Sweet images show baby orangutan clinging to its mother in Borneo

I won’t let go mum! Sweet images show baby orangutan clinging to its mother as she swings through trees and wades through water in a Borneo national park

  • Adorable baby orangutan clung onto its mother and refused to leave her side 
  • The pair remained attached as they swung through trees and played in the river
  • The adorable duo were spotted together in Tanjung Puting National Park, Borneo

This adorable baby orangutan refused to leave it’s mother’s side – clinging onto her at all costs as she swung through trees, waded through water and searched for food.

The delightful duo were spotted in Tanjung Puting National Park, Borneo, and looked besotted with each other as they played together, hunted for fallen fruit and enjoyed a splash in the river.   

The sweet images were caught on camera by photographer Michel Watson.

The 71-year-old, from Brittany, France, was less than five metres away from the pair and said their bond was clear to see. 

This adorable baby orangutan refused to leave it’s mother’s side and clung onto her at all costs as they waded through water. The duo are reflected in the water as they hold on to each other

Looking ahead: The baby orangutan watches where it is going as it clings onto its mother in Tanjung Puting National Park, Borneo

He said:  ‘Mothers are very attentive towards their babies. If they have to move they take care to place the baby against them to stop them falling.’

Baby orangutans won’t leave their mother for at least five months. 

Gradually, they become more independent but it can be more than a year and half before they leave their side, Mr Watson said. 

After two years the youngster will move away but still remain in the same area as their mother.  

The baby orangutan looks a little forlorn as it clings onto its mother as she swings through the trees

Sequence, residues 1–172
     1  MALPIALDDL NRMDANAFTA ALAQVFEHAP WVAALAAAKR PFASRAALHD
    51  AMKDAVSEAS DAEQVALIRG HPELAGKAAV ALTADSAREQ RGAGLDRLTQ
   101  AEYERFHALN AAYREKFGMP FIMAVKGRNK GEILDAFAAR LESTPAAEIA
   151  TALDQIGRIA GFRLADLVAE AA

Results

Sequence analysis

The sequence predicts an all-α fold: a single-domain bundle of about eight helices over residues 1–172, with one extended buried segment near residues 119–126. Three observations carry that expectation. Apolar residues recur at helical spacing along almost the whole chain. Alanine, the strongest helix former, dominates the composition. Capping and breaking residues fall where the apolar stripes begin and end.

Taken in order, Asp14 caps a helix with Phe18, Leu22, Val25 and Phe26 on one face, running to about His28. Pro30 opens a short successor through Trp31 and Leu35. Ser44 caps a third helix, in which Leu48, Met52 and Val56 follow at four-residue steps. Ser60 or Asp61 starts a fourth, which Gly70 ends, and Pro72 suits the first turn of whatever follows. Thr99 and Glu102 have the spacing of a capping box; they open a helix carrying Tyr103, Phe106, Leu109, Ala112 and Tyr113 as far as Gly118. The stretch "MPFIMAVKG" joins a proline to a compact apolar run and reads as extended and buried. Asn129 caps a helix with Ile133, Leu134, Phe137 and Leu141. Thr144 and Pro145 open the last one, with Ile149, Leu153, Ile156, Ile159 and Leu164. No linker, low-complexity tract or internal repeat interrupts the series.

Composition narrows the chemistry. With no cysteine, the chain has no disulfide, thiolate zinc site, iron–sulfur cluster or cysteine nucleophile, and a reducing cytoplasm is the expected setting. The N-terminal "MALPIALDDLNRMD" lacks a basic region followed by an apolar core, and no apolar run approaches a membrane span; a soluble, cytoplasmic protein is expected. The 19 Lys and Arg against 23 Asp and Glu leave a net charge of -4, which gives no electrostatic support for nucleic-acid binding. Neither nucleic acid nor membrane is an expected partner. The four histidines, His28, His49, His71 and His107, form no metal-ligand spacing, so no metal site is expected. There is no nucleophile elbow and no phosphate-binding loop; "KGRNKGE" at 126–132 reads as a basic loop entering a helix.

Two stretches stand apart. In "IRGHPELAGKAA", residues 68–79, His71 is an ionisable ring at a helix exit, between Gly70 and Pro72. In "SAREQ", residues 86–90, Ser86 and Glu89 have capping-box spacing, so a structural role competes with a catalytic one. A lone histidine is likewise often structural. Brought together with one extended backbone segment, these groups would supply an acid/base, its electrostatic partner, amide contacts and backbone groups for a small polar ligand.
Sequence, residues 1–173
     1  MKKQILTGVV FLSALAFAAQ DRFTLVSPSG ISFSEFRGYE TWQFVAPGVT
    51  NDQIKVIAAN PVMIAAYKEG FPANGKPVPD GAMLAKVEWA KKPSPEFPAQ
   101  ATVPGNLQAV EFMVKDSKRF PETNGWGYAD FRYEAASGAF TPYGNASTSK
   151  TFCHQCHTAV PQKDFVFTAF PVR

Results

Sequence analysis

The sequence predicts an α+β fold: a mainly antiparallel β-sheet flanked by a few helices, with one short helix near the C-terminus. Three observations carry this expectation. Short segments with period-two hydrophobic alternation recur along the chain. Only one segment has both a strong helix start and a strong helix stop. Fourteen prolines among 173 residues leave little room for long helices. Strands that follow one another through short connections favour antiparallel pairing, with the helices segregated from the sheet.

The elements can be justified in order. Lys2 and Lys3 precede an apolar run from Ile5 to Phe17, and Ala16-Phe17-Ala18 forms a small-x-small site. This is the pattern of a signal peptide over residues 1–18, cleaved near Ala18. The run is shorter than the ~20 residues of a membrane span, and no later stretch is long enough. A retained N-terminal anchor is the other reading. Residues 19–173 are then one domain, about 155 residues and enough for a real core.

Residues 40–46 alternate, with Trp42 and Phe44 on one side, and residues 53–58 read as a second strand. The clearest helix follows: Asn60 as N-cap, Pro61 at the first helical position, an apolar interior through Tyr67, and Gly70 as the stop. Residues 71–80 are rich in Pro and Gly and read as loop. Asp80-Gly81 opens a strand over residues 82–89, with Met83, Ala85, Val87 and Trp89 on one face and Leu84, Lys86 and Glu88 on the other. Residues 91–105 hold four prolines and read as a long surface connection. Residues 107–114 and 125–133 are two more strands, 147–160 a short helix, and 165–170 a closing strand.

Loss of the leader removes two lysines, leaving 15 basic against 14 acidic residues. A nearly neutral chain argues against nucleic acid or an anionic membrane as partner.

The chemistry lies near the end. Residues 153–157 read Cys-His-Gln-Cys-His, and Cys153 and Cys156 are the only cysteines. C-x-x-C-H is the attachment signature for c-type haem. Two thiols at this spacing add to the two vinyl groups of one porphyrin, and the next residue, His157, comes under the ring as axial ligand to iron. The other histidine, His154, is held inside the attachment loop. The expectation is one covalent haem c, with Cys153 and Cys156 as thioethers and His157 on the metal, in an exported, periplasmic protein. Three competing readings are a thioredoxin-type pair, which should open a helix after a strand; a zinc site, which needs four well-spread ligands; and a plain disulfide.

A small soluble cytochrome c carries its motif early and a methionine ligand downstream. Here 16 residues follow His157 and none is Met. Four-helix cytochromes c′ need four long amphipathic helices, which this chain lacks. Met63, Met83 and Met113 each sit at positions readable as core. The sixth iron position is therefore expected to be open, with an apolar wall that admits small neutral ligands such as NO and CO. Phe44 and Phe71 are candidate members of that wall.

The infant looks out into the wilderness as she is covered with rain in the national park in Borneo

The infant tries to cling on tighter to its mother and move itself up her body as they wade through water

The delightful duo were spotted in Tanjung Puting National Park in Borneo

The baby orangutan reaches up to get a better grip as she clings onto its mother

A good hair day: The baby orangutan appears to be smiling at the camera whilst spending time with its mother

The thoughtful youngster looks pensive as it rests with its mother in Borneo

Baby orangutans won’t leave their mother for at least five months. Gradually, they become more independent but it can be more than a year and half before they leave their side

After two years the youngster will move away but still remain in the same area as their mother. Pictured: The pair play in the river together next to a large tree in the national park

‘It is always very moving to see these orangutans up close,’ Mr Watson added.

‘They give off an impression of calm, serenity and incredible power but at the same time tenderness towards their young.

‘Confidence also when they are so near without showing any concern.

‘Softness in the eyes, patience, slowness, but also capable of showing extraordinary strength.’  

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